It was even bigger, first of all winning in my own country (while having prepared all in Hong Kong) was amazing. I hadn’t done any competition back home since winning the Dutch Pastry Award in 2004. And to battle with/against the best of the world in a live two/three day competition was an absolute dream come true.
It took a lot to be there, money wise looking for the sponsors, time wise; giving up your personal life, and mentally as you are looking for absolute perfection. What an amazing period though. You learn so much about your profession but also about yourself and the people helping you without expecting something back is just fabulous.
Without my Coach Marijn Coertjens I would never have been able to do this as you need the moral and technical support.
This has helped me improve so much on loads of fields, for example I would not have been able to do this without the support of my team here at Caprice. They showed me what they are capable of by giving them more responsibilities. And also their willingness to work harder to keep you free has touched me deeply.
Friends always laugh at me when I make one of those comments while walking down a street and seeing something I like and go; oh wow that would be cool as a chocolate piece, or dessert shape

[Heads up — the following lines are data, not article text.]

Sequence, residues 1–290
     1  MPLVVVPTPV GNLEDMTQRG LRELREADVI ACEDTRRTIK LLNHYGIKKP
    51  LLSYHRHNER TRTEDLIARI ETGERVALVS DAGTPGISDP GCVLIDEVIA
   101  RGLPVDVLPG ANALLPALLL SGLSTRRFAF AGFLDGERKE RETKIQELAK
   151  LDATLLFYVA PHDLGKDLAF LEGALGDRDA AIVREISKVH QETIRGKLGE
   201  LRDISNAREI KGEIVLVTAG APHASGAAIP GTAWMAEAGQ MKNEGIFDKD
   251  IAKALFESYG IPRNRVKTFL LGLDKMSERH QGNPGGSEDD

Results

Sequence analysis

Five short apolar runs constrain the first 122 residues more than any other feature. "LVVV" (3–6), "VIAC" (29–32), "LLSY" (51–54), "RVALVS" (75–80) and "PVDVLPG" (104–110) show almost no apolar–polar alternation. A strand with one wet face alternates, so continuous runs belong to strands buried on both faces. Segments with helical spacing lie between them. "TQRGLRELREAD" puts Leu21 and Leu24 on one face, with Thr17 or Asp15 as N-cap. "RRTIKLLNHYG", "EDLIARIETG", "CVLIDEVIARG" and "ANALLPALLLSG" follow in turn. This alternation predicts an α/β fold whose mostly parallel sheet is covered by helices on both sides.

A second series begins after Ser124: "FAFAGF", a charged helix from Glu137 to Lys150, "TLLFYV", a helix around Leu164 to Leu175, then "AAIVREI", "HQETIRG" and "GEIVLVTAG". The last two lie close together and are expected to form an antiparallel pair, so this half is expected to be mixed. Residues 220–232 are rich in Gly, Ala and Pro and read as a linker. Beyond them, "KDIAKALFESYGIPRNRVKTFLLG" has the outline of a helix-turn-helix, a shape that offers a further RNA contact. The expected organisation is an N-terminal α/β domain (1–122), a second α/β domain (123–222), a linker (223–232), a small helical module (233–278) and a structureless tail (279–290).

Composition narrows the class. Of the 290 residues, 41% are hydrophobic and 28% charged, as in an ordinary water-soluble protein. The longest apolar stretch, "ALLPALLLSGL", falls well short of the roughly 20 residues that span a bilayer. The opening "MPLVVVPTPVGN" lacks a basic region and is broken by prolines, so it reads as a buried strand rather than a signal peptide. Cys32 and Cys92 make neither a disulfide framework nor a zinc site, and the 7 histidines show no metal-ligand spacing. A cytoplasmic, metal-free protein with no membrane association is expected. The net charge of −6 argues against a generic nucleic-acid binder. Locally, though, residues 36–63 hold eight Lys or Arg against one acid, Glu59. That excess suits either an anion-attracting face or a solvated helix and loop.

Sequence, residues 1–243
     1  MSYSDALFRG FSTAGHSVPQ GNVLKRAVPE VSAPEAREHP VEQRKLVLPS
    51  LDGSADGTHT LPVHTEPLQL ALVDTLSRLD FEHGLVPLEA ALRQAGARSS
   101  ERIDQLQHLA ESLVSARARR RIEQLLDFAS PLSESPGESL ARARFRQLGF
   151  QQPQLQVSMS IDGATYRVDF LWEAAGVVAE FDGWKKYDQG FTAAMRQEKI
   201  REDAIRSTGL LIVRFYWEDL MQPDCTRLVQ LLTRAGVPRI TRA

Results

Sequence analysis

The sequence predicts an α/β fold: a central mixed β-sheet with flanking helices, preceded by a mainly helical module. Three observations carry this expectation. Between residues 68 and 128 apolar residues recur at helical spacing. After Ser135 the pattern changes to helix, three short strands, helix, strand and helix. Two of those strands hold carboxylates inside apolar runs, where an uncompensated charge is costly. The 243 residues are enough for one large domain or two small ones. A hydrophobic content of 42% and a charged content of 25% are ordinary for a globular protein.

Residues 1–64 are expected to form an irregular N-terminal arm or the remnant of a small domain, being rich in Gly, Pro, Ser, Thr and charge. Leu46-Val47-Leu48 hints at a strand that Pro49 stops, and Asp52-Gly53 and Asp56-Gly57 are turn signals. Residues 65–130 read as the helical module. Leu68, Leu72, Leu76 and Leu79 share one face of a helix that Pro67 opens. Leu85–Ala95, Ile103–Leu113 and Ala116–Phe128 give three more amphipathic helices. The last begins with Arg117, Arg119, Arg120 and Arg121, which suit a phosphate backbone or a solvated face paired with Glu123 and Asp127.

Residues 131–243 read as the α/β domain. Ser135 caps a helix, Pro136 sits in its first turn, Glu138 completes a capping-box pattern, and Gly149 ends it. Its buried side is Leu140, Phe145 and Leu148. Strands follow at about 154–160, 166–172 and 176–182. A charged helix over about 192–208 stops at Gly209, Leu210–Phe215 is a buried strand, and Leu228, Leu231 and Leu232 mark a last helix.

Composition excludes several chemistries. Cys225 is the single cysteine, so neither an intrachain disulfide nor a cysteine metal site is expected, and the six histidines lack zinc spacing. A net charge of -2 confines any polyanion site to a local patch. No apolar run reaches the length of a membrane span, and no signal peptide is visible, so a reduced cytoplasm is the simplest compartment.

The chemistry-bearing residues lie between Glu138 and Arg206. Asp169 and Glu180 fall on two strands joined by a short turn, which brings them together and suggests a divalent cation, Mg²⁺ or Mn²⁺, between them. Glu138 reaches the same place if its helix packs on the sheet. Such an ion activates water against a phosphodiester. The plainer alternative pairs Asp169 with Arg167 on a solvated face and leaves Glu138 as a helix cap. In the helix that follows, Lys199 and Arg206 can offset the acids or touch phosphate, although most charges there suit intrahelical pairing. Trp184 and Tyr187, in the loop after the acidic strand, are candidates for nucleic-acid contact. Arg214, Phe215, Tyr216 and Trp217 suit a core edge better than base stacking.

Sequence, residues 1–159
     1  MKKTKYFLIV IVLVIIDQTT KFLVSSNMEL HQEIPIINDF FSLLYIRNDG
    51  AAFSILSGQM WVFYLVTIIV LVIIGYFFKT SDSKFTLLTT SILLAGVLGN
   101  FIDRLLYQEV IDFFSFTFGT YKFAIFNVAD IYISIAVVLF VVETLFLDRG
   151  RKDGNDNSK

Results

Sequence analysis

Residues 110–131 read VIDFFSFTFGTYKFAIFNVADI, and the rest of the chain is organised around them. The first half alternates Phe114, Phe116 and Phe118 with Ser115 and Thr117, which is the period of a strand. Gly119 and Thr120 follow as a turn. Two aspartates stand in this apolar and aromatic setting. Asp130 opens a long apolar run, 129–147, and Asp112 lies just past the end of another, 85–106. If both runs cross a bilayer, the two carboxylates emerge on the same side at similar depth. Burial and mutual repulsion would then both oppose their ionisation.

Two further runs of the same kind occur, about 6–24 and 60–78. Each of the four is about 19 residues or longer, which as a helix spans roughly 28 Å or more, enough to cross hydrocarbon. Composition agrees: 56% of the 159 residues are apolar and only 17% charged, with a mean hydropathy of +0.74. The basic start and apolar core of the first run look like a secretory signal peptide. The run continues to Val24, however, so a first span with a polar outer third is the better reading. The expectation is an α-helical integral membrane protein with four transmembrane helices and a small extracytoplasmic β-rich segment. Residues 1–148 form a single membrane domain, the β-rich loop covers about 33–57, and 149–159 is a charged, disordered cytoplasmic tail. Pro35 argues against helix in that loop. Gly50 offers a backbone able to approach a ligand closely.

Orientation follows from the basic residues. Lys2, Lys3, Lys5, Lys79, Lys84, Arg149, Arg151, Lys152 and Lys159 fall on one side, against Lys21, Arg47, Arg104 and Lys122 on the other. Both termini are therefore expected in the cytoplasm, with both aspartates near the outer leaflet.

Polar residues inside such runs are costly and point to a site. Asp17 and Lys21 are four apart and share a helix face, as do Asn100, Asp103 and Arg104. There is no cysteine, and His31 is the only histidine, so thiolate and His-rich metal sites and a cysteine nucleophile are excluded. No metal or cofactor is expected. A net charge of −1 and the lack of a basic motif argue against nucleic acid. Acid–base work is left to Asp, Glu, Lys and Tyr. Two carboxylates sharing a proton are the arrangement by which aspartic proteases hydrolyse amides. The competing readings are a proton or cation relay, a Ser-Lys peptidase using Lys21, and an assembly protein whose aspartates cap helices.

As a connoisseur of pastries in different parts of the world, what has surprised you most lately? Where?
It was two years ago, I already was in Tokyo, but that city lived up to my expectations and even more with all those pastry shop of such extreme high quality. Tel Aviv, Israel, I have been there twice over the past 18 months, so many artisans, restaurants, healthy places but especially their local produce. This place keeps on amazing me. They just love their food and live for it. On my last trip, this lovely photographer who saw me working at the WCM in Paris took me to a small chocolaterie, great chocolates – an amazing energy and lovely person behind the concept. And I was lucky to meet two other pastry chefs who happened to walk in, and we all got put to work by Ika. What keeps on amazing here in HK, they keep on loving their classics, even though there are so many French pastry shops that opened, the locals stay very committed to their egg tarts and fresh cream cakes. Back home and in Belgium the level keeps on improving and love to go and visit pastry shops, especially of some young just started pastry shops. The one that has impressed me recently is that of Joost Arijs in Gent, a young guy who opened his own shop and whose book has just come out.